Frolic, for instance, a Seattle-based cooperative ownership model, helps existing homeowners build additional units – structured as a co-op – on an existing single-family lot. Frolic has specifically pursued the co-op model to access co-op financing for construction costs and lower down payments for the new units. Ultimately, this model is designed to take advantage of upzoning policies, but keeps and re-circulates wealth within families and communities rather than risking displacement by external developers.

A top 10 finalist among 2023 Ivory Prize entrants in the Finance category, Ivory Innovations notes:

Frolic is paving the way for thousands of new, multi-family housing cooperatives to be built on lots with single-family homes in cities across the U.S. Their homes require down payments of $10-$30k, creating opportunities for low-wealth and BIPOC families that have generationally rented to enter into homeownership."

Frolic uses equity from a homeowner’s land combined with community-raised capital to fund the construction of new units. Frolic’s use of co-op financing – rather than condo financing, for example – enables two forms of debt, a shared AND blanket mortgage. The blanket mortgage allows Frolic to borrow against the land value for construction funding without requiring any individual, or future co-op residents to put in money. This allows Frolic developments to offer extremely low down payments to future residents. Eventually, Frolic will make money by establishing a fund and licensing this model to other developers.

Through a lens of strict first principles thinking, Frolic might focus on solving for bending property zoning in the direction of creating more revenue for the lot owner. However, that fix alone – that single "semantic tree" – would scarcely begin to tackle all the challenges conspiring against access for more local people in a particular project or jurisdiction.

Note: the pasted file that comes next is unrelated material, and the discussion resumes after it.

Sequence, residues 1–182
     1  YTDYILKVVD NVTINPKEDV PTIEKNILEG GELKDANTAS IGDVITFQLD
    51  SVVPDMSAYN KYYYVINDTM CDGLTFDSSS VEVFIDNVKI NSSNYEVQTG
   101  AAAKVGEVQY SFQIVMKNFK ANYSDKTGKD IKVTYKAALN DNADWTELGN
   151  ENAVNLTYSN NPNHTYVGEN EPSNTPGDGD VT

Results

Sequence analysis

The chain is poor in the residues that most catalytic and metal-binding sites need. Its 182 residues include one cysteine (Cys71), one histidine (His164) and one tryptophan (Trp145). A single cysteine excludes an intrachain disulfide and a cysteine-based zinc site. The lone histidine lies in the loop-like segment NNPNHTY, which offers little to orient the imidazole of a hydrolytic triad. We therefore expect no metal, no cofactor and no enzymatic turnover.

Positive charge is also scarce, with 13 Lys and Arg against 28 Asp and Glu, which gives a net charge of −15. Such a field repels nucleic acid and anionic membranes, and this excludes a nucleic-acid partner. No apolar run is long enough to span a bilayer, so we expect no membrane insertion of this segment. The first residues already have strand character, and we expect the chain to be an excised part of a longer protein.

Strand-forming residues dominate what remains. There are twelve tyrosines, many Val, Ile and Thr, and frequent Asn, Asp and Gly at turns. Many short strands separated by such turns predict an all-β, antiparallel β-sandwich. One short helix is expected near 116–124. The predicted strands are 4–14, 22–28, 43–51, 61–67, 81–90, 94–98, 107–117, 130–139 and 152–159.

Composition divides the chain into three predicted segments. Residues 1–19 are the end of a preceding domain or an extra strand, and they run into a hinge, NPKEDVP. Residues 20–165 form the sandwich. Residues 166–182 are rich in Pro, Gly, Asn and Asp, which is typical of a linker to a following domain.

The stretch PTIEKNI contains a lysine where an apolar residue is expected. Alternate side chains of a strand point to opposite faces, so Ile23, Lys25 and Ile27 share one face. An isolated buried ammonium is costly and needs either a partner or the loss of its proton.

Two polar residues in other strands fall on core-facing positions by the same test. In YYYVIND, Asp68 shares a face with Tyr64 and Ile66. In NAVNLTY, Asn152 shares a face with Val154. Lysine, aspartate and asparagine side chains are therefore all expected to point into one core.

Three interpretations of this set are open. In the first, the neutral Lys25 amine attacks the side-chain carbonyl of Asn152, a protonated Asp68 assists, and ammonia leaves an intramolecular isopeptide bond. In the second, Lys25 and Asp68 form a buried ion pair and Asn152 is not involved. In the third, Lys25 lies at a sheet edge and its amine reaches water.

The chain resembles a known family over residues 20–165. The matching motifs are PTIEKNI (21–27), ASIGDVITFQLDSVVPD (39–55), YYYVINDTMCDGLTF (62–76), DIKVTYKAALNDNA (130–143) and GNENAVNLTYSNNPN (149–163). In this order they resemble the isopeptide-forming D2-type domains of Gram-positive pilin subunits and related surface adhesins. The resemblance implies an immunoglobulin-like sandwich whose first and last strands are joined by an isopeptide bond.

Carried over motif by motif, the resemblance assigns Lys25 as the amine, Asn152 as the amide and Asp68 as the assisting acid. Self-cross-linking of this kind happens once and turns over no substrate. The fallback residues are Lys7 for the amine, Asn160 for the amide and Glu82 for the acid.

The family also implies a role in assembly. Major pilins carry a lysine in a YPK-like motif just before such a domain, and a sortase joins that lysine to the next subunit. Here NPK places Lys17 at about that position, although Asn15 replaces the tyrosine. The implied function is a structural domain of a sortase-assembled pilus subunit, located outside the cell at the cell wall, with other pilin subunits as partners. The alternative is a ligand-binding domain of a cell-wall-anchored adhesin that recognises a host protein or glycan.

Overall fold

Frolic co-founder and COO Josh Morrison tells us:

We're constantly honing how we describe what we are and what we do," says Morrison. "We're not as simple as just a developer or a builder. Part of what we see our role as, especially as we grow – is deconstructing the development process into its components and allowing more organizations, people, entities, businesses to interact within the development system. That means building out an ecosystem or a system of puzzle pieces – capital, land, future buyers and owners, builders, architects, developers for fee-based, developers who are used to arranging capital for certain aspects of the process. Add to that our relationship with lenders and then the ownership system and structure, and the legal process that holds it all. All of those different pieces allow people to interact with each other within the financial model and the backing for that. And so the idea is that we can work with different partners for different projects and bring them to life.

Frolic's aim is to build the capability to impact current and future generations. Homeowners become owners of affordable developments and build wealth that can then be passed on to their children. Rather than being forced out into renting, future generations can remain in generational homes and acquire their family’s stake in the co-op. Residents are historically generational renters who have broken the pattern through their purchase of an affordably priced unit. Future generations will now have access to one of the strongest wealth-building tools available, thus improving overall financial stability.

The model – supported and nurtured as Frolic plans to do it – heads towards a virtuous-cycle sustainable, generational value-creator, says Frolic co-founder and CEO Tamara Knox:

We're creating the frameworks and infrastructure to make sure our processes work," says Knox. "That means a careful and precise understanding of how different partners engage with a system that works with their particular fields of focus. Because we're trusted in making that infrastructure and that framework, the process itself can allow individuals to step in who have wonderful stories, and people within neighborhoods who know what makes them tick far more than we or any other developer could. People and their community organizations are full of heart and ideas. The way we view our role is to provide them the capability to interact with systems that drive the real estate process. We get behind those dreams and allow the people and the community hold on to their root and purpose."

Simple. And hard. But like grafting many trees into a single shared root system.

ABOUT THE AUTHOR

John McManus

John McManus

President and Founder

John McManus, founder and president of The Builder’s Daily, is an award-winning editorial, programming, and digital content strategist. TBD's purpose is a community capable of constant improvement.

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ABOUT THE AUTHOR

John McManus

John McManus

President and Founder

John McManus, founder and president of The Builder’s Daily, is an award-winning editorial, programming, and digital content strategist. TBD's purpose is a community capable of constant improvement.

MORE IN Policy

Add To The Blueprint To Address Housing's Affordability Crisis